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juan atkins

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interview by andrez for zebra & 3d world, 1999

Inspired as much by Kraftwerk and 'Bladerunner' as they were by the legacies of Motown, soul and jazz, a group of guys from Detroit, USA, took on electronic music in the 1980s and created something totally new. These days we call it techno. At the helm of this musical renaissance was one man called Juan Atkins, and he's still out there redefining sounds in his own fashion.

 

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In a matter of a thousand words, how do you introduce somebody who's been called the originator of techno and the godfather of the electronic groove? Once upon a time, towards the end of the '70s, the teenage Juan Atkins played bass in a funk band before meeting a guy called Rick Davies (alias 3070) and with his help kick-started seminal band Cybotron in 1981. Four years later Juan left the group to continue to produce what was now purely electronic music under the production alias of Model 500 - and along the way inspired school chums Derrick May and Kevin Saunderson to do the same. He also started up his own label. Called Metroplex, it was intended to continue the Cybotron legacy, to help new artists, and to push through the new sounds these guys were introducing to an unsuspecting world.

 

The legacy of Detroit's role in electronic dance music is quite obvious. Starting out with people like Juan, Derrick May, Blake Baxter, Jeff Mills, 'Mad' Mike Banks and Kevin Saunderson, the city's pre-eminence has continued on through Carl Craig, Stacey Pullen, Suburban Knight, Jay Denham and Claude Young. Given his own role in the baptismal stages of this city's electronic hiatus, it would be fruitful to note just where Juan Atkins sees Detroit these days and where it's headed as the next millennium approaches. "I think Detroit remains a very important city when it comes to electronic dance music," he assesses, "and I think it will always be a kind of reference point. I also think it will be a city where the future is reflected earlier than anywhere else, so Detroit should be noted as the place where preparations were made early for the next millennium."

 

What is it about the nature of Detroit that set it apart from other cities in America, let alone the rest of the world, in terms of the development of this thing called techno? "Who knows?" Juan mutters, a little like he's sick of the question. "It's a hard one to figure out and no-one will ever really know. I guess the reality is that Detroit was founded and based as an industrial city and of course when you're making the transfer to a technological society it would be obvious for the industrial cities to make the transfer first - and I think that would affect not just the business world but everything around it."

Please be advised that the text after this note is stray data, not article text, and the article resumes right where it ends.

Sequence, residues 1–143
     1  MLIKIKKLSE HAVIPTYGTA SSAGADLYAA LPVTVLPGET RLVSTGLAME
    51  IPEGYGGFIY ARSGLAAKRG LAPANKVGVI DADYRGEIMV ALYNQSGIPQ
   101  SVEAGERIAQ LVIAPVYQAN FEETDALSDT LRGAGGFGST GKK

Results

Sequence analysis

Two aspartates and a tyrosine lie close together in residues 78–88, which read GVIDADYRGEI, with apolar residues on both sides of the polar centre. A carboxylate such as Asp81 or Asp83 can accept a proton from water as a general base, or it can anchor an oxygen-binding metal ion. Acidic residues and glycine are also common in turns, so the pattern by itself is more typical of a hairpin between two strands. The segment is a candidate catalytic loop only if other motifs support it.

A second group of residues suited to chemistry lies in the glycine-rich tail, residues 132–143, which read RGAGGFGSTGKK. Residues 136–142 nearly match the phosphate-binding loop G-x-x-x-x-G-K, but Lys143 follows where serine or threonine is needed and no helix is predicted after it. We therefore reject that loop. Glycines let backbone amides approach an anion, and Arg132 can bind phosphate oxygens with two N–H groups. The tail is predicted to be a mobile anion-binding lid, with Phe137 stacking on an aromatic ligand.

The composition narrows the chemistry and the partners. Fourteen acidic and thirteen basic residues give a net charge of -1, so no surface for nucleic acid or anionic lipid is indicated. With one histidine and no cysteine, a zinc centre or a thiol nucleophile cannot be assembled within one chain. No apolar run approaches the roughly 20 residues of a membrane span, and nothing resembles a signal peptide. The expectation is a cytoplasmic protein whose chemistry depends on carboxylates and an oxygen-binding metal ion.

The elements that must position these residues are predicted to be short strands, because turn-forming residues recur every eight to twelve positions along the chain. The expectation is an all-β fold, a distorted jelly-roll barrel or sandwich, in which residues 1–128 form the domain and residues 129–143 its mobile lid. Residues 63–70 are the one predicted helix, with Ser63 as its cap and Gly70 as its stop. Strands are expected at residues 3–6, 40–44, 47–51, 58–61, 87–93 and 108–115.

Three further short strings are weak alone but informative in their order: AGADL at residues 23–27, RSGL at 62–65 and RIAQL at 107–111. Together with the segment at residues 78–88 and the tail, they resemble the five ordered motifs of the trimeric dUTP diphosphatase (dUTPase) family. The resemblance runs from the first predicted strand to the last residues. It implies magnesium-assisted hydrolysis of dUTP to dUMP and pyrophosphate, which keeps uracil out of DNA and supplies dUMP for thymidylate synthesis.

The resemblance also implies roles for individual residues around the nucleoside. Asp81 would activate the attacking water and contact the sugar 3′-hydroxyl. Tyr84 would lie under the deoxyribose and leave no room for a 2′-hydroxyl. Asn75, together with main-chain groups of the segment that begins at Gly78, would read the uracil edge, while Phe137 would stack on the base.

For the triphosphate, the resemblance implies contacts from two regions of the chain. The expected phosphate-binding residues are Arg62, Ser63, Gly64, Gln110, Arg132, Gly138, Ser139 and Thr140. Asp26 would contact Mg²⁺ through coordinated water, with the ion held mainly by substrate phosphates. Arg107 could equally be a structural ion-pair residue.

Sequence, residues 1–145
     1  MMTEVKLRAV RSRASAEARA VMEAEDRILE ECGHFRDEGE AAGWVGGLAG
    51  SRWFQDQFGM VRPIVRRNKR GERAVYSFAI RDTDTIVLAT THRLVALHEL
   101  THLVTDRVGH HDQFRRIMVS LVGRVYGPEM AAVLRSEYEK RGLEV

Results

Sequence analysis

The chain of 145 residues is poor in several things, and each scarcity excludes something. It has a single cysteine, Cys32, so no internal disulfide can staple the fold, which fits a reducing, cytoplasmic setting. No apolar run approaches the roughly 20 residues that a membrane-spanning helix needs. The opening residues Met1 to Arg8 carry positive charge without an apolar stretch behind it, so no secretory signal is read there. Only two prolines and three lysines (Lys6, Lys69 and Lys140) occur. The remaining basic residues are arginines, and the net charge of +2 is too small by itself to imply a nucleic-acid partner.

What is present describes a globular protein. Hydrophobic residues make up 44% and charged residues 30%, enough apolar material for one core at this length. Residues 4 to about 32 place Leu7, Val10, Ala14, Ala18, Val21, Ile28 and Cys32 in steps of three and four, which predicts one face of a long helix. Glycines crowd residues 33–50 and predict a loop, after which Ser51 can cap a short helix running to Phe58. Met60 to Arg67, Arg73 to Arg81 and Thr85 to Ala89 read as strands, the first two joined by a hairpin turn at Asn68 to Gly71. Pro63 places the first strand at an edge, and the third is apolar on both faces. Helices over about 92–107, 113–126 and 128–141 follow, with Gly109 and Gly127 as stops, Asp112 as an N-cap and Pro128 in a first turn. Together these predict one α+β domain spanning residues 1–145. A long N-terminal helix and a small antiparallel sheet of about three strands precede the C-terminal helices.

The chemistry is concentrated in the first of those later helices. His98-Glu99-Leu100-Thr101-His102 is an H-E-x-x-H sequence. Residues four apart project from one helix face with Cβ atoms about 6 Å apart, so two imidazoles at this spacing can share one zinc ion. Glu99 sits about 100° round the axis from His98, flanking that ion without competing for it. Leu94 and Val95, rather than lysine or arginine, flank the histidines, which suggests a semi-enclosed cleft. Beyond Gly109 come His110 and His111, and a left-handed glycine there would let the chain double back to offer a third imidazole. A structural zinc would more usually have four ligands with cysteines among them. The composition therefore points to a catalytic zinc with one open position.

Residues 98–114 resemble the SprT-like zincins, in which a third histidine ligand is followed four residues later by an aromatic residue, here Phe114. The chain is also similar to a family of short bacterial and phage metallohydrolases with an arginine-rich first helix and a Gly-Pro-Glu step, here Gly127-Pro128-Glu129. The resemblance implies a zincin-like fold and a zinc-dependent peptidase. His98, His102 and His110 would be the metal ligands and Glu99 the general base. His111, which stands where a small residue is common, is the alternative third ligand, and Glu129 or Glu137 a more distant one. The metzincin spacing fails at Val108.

It's interesting then to compare and contrast the electronic music that emerged from the Motor City in the '80s with its European counterpart. Music by the likes of Front 242, Nitzer Ebb and DAF was at times coldly austere and overtly masculine when compared with the warmer, funkier qualities of the American production line. There's also a progressive futurist aspect to most Detroit-made techno from this period. Derrick May once dubbed their sound "Kraftwerk meeting George Clinton in an elevator". Juan has his own theory about why this occurred. "Maybe techno coming out of Detroit had more of the black experience involved, and of course what we've grown up with is soul music and R&B stuff, and then there's funk itself. So I guess it would be only natural that more of these elements would show up."

 

Given the Detroit crew's pivotal role in the development of techno, it's downright strange that mainstream America is only now getting into the electronic groove, but via the imported sounds of British producers like the Prodigy, the Chemical Brothers and Underworld. "It's history repeating itself," Juan declares. "I mean look back at the Beatles and the Rolling Stones - you can hear in their music that their main influence was Motown. It's obvious! . . . but it took the Beatles to be the supergroup - nobody from Motown could fit that bill."

 

 

An irritating aspect of history? "Of course it is - it's racism, you know? It's irritating because racism is suppression, so I guess you have to thank god that there are people in the world who don't really care about that. I think it's changing here in America, but too slowly. You have to remember that the industry in this country is based around capitalism, and that involves a certain amount of exploitation, an emphasis on marketing and profit, and bottom line. So when you have that you have people being over-cautious about market tastes and they'll underestimate a lot of things - like the black experience here in America. So we get ignored even when we do something innovative."

 

Fortunately this hasn't been the case elsewhere, especially in Europe. Juan's records as Model 500 were licensed to Belgium's R&S imprint from 1981, he released music as Output on the UK's Kinetix label, and he cut 'Jazz Is The Teacher' with 3MB, the Tresor label's in-house production team which consisted of Thomas Fehlmann and Moritz Von Oswald (one of the driving forces behind Basic Channel).

 

He's also continued with his own label Metroplex. "I started the label in 1985; the first three or four releases were definite classics and I think that's continued. Right now we've got some good quality emotional releases coming through and I think Metroplex is one label definitely always look out for, and as long as we can keep the new releases interesting it can always be a cool thing."

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